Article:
Harry Fletcher, Assistant General Secretary, National Association of Probation Officers

“These new measures will turn the clock back by 25 years.  Thousands of prostitutes face the prospect of being jailed for up to 72 hours if they fail to obey new court orders set out in the Criminal Justice and Immigration Bill.  The order will require the offender to attend a series of three meetings with a named supervisor who will in all probability be from the Probation Service. It is highly unlikely that three sessions with a trained counsellor will persuade any prostitutes to give up their work.  A high breach rate will, therefore, lead to yet more prison and police cell overcrowding.”

Howard Catton, Royal College of Nursing

The Royal College of Nursing have called for the decriminalisation of prostitutes and is opposed to clause 72 of the Criminal Justice and Immigration Bill.  The RCN believes it is critical that both access to healthcare services and our understanding of the health needs of prostitutes is significantly improved. 

Siobhan Kilkenny, sex worker project

“Criminalisation impacts massively on the safety of vulnerable women. Over a three month period, we had 30 instances of violence against sex workers – which were in no way are a reflection of all the violence.  Of these about a quarter were reported to the police. To my knowledge, none went anywhere after the initial officer.  Projects are asked for monthly figures around exiting women from prostitution because funding heavily relies on the crime agenda, ie clearing women off the streets, rather the health agenda.  To be treating the most vulnerable women like this is a terrible reflection on the society we live in.”

Toni Cole, 1st private prosecution for rape in England & Wales

“As an ex prostitute, drug counsellor and the sister of a heroin addict, I view Clause 72 as a travesty.  The very idea of compulsory rehabilitation is ludicrous. The want is imperative for rehabilitation – any addict must, first and foremost, want to come off drugs.  When an addict decides that they wish to come off, then, and only then, will any form of rehab be successful. Success will depend upon the support being available to the addict at the time of that momentous decision. . . . Rather than criminalising all clients, it makes legal, moral and social sense to prosecute violent clients when they are reported for rape, attack, abuse and murder.  Not because they want to buy sex!!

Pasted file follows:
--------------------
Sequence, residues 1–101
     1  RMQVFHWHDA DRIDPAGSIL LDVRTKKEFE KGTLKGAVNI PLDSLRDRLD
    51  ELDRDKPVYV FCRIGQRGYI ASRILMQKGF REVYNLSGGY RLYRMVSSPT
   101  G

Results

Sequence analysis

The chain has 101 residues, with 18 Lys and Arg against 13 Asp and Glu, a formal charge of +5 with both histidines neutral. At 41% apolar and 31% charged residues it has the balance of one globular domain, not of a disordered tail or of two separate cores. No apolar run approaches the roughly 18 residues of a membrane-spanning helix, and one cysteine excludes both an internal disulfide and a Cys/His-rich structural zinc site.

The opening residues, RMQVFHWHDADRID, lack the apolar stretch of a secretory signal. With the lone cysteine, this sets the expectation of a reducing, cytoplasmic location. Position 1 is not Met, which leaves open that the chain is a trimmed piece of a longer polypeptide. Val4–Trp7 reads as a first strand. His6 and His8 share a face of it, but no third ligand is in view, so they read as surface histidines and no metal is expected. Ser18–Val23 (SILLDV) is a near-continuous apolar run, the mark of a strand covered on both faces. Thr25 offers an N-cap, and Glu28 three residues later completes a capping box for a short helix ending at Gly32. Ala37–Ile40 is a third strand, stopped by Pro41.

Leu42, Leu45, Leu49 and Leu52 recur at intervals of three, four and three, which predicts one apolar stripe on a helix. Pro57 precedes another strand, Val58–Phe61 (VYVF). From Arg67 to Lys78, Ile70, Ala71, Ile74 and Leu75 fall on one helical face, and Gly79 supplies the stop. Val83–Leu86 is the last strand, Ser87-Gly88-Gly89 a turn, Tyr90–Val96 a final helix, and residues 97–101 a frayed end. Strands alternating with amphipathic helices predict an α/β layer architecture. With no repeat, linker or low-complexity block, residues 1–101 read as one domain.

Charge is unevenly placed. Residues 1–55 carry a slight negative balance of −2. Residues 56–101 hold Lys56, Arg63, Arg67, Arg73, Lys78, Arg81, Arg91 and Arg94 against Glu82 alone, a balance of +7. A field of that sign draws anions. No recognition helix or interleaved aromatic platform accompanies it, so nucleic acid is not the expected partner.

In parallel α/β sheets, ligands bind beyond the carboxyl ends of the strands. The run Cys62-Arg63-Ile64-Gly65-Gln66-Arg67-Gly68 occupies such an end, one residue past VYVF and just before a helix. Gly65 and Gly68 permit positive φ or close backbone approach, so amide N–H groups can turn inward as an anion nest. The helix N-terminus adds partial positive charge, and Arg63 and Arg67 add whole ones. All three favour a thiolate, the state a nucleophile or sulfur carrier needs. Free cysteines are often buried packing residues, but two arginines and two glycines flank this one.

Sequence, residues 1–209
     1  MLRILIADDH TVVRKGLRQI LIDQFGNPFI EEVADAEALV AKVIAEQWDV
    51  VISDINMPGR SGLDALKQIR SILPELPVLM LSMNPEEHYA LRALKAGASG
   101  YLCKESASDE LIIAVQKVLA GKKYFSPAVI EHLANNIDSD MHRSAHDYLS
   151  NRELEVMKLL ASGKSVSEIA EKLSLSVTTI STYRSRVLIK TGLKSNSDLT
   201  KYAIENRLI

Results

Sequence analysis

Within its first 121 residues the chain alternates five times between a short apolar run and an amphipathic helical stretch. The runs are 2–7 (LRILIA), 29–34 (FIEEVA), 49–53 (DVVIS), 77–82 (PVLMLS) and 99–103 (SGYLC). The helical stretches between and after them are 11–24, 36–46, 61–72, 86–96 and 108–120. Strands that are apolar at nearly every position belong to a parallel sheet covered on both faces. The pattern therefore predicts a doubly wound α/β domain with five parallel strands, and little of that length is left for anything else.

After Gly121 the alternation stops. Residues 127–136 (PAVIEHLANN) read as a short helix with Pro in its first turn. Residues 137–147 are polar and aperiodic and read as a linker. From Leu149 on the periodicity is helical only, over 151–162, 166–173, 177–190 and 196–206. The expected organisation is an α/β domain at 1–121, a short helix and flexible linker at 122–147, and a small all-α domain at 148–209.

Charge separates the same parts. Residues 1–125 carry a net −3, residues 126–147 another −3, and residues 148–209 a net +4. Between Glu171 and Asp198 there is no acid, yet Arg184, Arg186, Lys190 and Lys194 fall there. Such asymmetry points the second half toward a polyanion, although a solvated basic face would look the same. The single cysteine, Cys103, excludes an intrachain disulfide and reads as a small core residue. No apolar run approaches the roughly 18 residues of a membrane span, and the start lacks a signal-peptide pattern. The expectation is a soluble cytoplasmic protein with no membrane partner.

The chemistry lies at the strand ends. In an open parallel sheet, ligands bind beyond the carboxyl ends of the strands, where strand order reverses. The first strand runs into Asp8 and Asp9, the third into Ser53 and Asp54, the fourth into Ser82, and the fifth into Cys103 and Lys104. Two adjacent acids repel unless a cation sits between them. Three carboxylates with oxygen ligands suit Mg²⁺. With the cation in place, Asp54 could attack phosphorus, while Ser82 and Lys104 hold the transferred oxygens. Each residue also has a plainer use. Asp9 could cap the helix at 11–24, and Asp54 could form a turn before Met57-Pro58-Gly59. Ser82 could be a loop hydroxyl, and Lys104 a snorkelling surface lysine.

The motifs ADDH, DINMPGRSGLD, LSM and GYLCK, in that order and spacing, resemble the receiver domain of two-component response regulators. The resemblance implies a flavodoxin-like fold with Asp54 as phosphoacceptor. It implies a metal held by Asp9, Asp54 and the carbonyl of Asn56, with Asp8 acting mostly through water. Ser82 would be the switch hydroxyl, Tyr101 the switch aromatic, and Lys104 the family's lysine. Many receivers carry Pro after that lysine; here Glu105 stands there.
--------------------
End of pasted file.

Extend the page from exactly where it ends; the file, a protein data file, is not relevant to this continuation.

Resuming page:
Pauline Campbell mother of Sarah who died in the ‘care’ of HMP Styal

“My concern over this whole issue is that it’s crucial that we do not criminalise women for their occupation, whatever that might be, because once we start to do that, they end up in prison and believe me they do become an invisible issue then, and some die in the so-called care of the State.”

Reverend Paul Nicolson Zacchaeus 2000

“All unemployment benefits are below the government’s poverty threshold.   People do not depend on benefits that are not enough for survival in this increasingly expensive economy.  Other means of survival have to be found. Making people destitute as a matter of policy is institutional violence, it sets the tone and it gives dangerous authority for violence of all kinds.  It is inhuman and it is no way to lead a nation into peace and justice.”
020 7482 2496